UK government publishes Strategic Policing Requirement 2023
Policy paper includes an updated enhanced serious and organised crime section
The Home Office published its latest Strategic Policing Requirement (SPR) for 2023 on 20 February, which sets out the Home Secretary’s view of the current national threats to the UK and the national policing capabilities needed to counter those threats.
The latest version of the policy paper includes violence against women and girls as a national threat for the first time. The government’s expectations for local and regional police forces in regard to their capabilities to combat violence against women and girls are also set out in the policy paper.
Additional changes to the SPR, which was last updated in 2015, include an enhanced serious and organised crime section to reiterate the importance of crime types such as fraud and organised immigration crime, strengthened governance and assurance arrangements, and a more detailed description of how national threats should be dealt with by police forces.
The SPR states that fraud is the most common crime type accounting for 41% of all criminal offences in England and Wales and that it is expected to rise even further during the period of economic uncertainty and high cost of living. In 2015/16, fraud cost individuals £4.7bn a year, according to The Economic and Social Costs of Crime 2018. The SPR also draws attention to the fact that criminal proceeds obtained through fraud often fund organised crime, terrorism and human trafficking.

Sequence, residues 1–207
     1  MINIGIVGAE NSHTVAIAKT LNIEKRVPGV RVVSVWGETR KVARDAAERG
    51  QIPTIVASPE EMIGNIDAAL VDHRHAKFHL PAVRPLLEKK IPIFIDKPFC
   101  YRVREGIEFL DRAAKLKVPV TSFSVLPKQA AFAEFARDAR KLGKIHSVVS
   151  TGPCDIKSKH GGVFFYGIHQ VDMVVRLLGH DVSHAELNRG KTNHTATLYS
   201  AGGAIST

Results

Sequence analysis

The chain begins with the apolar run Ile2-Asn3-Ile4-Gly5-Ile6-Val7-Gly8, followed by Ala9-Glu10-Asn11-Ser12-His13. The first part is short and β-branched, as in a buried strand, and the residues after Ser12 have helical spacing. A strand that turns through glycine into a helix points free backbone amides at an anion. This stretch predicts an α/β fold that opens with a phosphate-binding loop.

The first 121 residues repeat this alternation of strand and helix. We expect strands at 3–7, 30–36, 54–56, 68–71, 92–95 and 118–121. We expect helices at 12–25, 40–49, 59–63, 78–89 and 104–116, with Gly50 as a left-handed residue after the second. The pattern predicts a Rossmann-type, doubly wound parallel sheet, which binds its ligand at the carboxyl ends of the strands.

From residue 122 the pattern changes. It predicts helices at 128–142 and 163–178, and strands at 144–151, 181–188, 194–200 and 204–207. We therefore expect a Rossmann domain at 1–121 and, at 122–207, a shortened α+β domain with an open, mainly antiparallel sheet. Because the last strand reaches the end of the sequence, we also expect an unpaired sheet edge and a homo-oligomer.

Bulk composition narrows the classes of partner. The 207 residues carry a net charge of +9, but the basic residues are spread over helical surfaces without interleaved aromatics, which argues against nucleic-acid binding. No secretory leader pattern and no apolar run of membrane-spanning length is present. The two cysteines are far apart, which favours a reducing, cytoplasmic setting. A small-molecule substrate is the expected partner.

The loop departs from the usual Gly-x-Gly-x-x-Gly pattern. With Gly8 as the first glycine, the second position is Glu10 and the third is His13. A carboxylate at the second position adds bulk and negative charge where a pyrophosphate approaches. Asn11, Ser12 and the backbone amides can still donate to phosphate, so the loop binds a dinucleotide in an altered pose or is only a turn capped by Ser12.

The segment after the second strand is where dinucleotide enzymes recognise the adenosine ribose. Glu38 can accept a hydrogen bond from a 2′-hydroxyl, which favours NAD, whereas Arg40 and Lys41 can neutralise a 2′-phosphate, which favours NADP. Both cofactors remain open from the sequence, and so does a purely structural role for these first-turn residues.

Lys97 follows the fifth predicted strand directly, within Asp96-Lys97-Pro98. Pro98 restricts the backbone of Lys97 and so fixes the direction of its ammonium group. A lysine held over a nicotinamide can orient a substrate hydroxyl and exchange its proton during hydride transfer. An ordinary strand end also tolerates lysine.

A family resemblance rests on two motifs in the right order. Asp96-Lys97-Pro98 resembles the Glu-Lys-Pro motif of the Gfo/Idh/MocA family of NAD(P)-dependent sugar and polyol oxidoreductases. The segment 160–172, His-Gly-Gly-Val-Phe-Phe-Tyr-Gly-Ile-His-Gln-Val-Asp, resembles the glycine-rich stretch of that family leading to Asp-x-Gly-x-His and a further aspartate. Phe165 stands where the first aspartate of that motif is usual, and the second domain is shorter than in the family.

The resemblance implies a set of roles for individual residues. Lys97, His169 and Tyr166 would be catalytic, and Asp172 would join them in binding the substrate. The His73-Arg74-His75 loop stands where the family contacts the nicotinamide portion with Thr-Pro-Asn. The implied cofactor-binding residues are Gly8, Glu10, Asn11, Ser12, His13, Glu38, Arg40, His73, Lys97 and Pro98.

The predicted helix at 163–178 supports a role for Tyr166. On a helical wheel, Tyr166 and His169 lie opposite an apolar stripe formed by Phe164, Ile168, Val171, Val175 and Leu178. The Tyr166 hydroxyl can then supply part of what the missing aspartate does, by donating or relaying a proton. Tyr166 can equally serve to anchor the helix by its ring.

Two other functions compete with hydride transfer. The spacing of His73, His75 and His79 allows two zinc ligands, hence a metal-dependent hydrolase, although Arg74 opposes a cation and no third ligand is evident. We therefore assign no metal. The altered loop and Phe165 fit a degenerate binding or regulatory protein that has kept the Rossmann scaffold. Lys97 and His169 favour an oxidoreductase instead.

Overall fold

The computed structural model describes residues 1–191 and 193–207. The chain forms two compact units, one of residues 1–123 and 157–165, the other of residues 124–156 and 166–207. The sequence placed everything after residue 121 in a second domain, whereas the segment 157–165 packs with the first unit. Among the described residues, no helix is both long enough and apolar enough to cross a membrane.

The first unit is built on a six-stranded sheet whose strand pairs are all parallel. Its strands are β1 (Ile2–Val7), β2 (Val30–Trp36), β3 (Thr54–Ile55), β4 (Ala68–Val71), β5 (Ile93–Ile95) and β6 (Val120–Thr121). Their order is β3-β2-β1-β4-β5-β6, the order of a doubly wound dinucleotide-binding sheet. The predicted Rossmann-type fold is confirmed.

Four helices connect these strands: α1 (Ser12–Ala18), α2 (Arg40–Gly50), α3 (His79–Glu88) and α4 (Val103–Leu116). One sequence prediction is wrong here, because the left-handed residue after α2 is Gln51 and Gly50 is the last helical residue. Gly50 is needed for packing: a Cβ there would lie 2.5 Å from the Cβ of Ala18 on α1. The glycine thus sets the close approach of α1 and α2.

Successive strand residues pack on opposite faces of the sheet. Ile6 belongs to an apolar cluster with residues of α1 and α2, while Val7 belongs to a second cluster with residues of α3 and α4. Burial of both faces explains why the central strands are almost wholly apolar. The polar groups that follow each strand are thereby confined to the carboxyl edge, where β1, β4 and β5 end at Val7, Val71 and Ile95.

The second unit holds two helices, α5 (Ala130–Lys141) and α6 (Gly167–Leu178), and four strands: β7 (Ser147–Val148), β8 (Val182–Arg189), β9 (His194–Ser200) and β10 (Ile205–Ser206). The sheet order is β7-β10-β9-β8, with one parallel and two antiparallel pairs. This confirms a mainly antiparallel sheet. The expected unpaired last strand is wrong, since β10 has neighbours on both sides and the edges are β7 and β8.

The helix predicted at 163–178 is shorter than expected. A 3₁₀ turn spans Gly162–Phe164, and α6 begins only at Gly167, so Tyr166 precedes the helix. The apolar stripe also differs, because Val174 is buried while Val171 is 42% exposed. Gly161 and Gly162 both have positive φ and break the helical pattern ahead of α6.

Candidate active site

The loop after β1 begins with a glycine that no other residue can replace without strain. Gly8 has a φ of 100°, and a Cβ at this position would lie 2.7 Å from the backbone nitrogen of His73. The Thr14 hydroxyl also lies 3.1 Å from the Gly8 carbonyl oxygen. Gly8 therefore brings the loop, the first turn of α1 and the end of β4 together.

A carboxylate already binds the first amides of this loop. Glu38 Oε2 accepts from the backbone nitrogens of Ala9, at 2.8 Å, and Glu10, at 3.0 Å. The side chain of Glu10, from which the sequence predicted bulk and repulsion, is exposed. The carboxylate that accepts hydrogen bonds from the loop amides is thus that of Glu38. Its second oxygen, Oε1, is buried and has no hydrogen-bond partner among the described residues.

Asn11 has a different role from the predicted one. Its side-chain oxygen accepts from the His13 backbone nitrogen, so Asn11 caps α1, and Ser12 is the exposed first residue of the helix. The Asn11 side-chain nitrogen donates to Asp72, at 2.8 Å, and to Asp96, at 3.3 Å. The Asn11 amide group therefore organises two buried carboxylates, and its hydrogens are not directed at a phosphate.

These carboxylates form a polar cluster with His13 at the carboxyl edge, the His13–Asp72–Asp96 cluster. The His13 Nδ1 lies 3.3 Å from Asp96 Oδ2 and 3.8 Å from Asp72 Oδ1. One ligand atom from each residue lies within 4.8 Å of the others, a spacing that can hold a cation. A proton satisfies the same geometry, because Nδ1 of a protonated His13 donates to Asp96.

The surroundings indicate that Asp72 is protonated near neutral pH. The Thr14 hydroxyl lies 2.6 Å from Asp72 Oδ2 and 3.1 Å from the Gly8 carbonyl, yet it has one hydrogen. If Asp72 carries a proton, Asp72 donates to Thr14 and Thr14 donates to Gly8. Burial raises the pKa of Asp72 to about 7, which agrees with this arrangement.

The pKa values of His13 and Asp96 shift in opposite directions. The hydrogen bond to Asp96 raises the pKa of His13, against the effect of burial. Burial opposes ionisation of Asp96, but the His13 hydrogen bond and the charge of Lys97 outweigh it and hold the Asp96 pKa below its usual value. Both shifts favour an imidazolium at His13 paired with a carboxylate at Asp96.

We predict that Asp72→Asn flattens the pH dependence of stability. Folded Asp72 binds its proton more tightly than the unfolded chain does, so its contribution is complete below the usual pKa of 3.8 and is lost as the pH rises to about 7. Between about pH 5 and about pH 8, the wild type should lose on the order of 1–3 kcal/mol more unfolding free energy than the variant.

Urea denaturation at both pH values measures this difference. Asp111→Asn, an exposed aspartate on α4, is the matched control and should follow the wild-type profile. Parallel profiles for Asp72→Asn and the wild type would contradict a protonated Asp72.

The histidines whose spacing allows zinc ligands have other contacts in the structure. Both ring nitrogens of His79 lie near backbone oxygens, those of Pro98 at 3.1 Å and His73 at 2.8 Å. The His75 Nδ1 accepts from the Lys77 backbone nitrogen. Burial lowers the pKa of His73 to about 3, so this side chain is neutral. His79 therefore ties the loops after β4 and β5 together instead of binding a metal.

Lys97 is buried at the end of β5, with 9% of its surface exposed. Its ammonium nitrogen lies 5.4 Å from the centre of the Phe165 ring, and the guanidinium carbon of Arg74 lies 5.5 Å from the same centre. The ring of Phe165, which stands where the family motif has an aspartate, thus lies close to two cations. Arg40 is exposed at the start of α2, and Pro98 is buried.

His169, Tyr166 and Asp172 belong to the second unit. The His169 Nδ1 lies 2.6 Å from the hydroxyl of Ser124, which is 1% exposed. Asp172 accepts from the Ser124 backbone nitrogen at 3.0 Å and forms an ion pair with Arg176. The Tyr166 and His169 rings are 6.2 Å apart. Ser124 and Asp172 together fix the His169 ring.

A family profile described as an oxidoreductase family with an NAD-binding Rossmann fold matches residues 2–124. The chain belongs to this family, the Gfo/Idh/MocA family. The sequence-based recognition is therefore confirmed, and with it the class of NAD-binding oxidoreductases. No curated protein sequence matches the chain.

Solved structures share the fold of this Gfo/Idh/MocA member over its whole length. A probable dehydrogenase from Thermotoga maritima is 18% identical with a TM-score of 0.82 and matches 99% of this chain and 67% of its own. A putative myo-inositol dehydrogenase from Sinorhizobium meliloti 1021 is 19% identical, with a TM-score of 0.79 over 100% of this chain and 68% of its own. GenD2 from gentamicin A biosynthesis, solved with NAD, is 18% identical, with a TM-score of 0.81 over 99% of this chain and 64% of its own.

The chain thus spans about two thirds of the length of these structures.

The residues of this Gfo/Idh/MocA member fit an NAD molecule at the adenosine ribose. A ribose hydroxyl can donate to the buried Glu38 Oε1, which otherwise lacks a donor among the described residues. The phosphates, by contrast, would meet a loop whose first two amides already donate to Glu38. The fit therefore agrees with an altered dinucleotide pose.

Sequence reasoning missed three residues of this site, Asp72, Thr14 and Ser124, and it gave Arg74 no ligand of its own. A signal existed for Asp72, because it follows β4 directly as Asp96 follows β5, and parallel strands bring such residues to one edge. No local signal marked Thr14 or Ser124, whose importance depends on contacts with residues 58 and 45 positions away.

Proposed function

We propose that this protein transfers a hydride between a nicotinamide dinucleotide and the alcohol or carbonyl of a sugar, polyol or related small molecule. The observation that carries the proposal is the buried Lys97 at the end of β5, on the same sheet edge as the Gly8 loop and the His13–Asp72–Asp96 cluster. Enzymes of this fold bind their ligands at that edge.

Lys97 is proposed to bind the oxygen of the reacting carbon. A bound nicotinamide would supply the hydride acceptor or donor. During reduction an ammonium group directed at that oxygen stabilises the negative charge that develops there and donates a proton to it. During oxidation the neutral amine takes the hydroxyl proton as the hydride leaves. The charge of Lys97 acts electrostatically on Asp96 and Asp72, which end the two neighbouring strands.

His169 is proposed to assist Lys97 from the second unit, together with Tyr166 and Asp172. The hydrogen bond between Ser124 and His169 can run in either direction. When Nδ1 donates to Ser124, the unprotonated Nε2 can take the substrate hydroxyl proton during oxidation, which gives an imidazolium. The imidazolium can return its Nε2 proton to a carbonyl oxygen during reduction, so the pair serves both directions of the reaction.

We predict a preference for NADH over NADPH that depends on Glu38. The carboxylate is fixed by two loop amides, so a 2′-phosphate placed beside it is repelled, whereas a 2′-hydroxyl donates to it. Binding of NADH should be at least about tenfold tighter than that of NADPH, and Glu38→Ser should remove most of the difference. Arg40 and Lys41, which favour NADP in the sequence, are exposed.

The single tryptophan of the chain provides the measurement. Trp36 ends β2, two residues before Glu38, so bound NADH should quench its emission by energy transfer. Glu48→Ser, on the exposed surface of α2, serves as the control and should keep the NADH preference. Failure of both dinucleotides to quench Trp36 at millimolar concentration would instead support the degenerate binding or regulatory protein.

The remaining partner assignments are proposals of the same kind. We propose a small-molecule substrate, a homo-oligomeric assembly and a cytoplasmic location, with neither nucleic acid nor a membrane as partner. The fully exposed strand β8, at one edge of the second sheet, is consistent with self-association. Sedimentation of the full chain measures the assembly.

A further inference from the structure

In terms of policing capabilities, the policy paper states that a fraud supplement will be produced, which will provide greater detail for police forces on what is expected regarding the response to fraud. More specifically, the threat from Western Balkans organised crime gangs is cited as needing specific local and regional intelligence collection to feed into the national threat assessment, to support more targeted disruptions.
Commenting on the latest SPR, Alun Milford, Partner in the Criminal Litigation team at Kingsley Napley, said: “Victims will welcome the identification of fraud as a threat requiring action by all police forces, including the requirement to have in place the capability to act on reports of fraud including criminal investigations. This could signal a first step towards a renewed emphasis on deterrence in the counter-fraud landscape, but we will know more when the new national Fraud Strategy is revealed.”